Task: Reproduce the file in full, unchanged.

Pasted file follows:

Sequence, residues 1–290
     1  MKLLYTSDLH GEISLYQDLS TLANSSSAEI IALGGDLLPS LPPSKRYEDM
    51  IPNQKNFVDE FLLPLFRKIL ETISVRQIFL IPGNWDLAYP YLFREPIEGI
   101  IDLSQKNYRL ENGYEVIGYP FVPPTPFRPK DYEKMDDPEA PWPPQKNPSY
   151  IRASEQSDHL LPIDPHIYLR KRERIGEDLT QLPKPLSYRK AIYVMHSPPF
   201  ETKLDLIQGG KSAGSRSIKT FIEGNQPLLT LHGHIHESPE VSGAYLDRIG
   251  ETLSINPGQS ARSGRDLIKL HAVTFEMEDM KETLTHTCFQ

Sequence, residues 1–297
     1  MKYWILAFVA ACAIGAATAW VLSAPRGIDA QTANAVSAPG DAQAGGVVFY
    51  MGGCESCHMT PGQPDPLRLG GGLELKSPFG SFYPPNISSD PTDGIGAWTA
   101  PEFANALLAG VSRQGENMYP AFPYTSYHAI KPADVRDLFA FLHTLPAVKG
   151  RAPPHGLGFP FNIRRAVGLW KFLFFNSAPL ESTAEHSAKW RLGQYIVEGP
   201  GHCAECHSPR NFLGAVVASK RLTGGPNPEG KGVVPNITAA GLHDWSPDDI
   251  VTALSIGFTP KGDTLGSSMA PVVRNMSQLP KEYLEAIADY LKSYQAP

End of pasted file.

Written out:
Sequence, residues 1–290
     1  MKLLYTSDLH GEISLYQDLS TLANSSSAEI IALGGDLLPS LPPSKRYEDM
    51  IPNQKNFVDE FLLPLFRKIL ETISVRQIFL IPGNWDLAYP YLFREPIEGI
   101  IDLSQKNYRL ENGYEVIGYP FVPPTPFRPK DYEKMDDPEA PWPPQKNPSY
   151  IRASEQSDHL LPIDPHIYLR KRERIGEDLT QLPKPLSYRK AIYVMHSPPF
   201  ETKLDLIQGG KSAGSRSIKT FIEGNQPLLT LHGHIHESPE VSGAYLDRIG
   251  ETLSINPGQS ARSGRDLIKL HAVTFEMEDM KETLTHTCFQ

Sequence, residues 1–297
     1  MKYWILAFVA ACAIGAATAW VLSAPRGIDA QTANAVSAPG DAQAGGVVFY
    51  MGGCESCHMT PGQPDPLRLG GGLELKSPFG SFYPPNISSD PTDGIGAWTA
   101  PEFANALLAG VSRQGENMYP AFPYTSYHAI KPADVRDLFA FLHTLPAVKG
   151  RAPPHGLGFP FNIRRAVGLW KFLFFNSAPL ESTAEHSAKW RLGQYIVEGP
   201  GHCAECHSPR NFLGAVVASK RLTGGPNPEG KGVVPNITAA GLHDWSPDDI
   251  VTALSIGFTP KGDTLGSSMA PVVRNMSQLP KEYLEAIADY LKSYQAP